He was the author of various works and papers, including railway reports (Pacific Railroad Reports vol. iii.) and The Campaign of Virginia (Washington, 1865).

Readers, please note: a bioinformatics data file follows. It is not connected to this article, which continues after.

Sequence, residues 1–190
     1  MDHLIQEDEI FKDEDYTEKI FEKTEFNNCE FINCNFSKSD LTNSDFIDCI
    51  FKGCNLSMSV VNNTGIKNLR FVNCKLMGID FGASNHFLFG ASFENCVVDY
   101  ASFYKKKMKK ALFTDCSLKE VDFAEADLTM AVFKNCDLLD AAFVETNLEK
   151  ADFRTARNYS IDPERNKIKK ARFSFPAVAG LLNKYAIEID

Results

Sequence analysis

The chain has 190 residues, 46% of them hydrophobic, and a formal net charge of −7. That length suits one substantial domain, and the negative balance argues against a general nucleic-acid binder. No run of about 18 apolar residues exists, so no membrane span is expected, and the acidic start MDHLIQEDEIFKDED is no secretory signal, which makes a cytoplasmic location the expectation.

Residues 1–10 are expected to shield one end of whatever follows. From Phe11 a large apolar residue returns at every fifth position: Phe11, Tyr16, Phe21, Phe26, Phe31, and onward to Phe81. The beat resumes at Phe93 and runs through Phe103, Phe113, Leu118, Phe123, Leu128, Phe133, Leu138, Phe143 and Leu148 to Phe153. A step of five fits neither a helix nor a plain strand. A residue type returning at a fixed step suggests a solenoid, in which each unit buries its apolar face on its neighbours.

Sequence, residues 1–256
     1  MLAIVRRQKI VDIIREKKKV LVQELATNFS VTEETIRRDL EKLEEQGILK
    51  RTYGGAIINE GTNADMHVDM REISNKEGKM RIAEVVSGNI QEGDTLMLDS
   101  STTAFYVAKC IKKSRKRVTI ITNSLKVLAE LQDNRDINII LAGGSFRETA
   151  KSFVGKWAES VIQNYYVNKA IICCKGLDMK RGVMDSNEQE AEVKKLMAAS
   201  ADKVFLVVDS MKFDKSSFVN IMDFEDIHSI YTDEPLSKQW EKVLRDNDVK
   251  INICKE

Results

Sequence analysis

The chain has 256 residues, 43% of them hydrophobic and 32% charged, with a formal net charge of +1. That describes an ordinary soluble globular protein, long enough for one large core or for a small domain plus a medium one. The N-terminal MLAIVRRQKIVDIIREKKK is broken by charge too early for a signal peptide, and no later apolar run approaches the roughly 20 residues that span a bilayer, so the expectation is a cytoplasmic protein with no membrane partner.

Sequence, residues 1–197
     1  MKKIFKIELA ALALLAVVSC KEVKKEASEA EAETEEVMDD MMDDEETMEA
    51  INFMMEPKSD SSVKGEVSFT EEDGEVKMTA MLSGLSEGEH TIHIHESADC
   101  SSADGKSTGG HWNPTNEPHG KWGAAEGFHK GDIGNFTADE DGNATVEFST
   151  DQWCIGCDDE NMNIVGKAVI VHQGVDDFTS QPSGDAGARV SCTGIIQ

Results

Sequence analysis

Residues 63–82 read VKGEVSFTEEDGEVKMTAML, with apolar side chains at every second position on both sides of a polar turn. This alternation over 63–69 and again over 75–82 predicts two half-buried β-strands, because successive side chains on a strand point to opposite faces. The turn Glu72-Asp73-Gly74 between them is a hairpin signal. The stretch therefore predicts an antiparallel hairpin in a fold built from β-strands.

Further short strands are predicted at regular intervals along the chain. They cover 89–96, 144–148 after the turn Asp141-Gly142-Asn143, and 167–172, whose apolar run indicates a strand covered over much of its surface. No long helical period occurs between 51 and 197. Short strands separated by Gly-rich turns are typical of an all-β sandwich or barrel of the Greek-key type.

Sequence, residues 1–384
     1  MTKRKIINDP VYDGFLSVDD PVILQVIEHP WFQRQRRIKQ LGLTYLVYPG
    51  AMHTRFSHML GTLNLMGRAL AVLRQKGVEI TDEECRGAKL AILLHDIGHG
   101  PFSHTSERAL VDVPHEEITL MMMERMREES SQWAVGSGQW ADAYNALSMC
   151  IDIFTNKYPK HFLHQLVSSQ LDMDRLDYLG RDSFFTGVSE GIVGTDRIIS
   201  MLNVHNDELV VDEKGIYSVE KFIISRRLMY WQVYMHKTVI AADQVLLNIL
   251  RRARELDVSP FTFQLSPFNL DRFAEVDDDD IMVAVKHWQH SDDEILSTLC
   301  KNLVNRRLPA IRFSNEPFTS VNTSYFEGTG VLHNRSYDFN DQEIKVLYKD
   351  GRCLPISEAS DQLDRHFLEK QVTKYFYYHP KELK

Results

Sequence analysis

POPE, SIR THOMAS (c. 1507-1559), founder of Trinity College, Oxford, was born at Deddington, near Banbury, Oxfordshire, probably in 1507, for he was about sixteen years old when his father, a yeoman farmer, died in 1523. He was educated at Banbury school and Eton College, and entered the court of chancery. He there found a friend and patron in the lord chancellor Thomas Audley. As clerk of briefs in the star chamber, warden of the mint (1534-1536), clerk of the Crown in Chancery (1537), and second officer and treasurer of the court for the settlement of the confiscated property of the smaller religious foundations, he obtained wealth and influence. In this last office he was superseded in 1541, but from 1547 to 1553 he was again employed as fourth officer. He himself won by grant or purchase a considerable share in the spoils, for nearly thirty manors, which came sooner or later into his possession, were originally church property. “ He could have rode, ” said Aubrey, “ in his owne lands from Cogges (by Witney) to Banbury, about 18 miles.” In 1537 he was knighted. The religious changes made by Edward VI. were repugnant to him, but at the beginning of Mary's reign he became a member of the privy council. In 1556 he was sent to reside as guardian in Elizabeth's house. As early as 1555 he had begun to arrange for the endowment of a college at Oxford, for which he bought the site and buildings of Durham College, the Oxford house of the abbey of Durham, from Dr George Owen and William Martyn. He received a royal charter for the establishment and endowment of a college of the “ Holy and Undivided Trinity ” on the 8th of March 1 5 56. The foundation provided for a president, twelve fellows and eight scholars, with a schoolhouse at Hooknorton. The number of scholars was subsequently increased to twelve, the schoolhouse being given up. On the 28th of March the members of the college were put in possession of the site, and they were formally admitted on the 29th of May 1556. Pope died at Clerkenwell on the 29th of January 1559, and was buried at St Stephen's,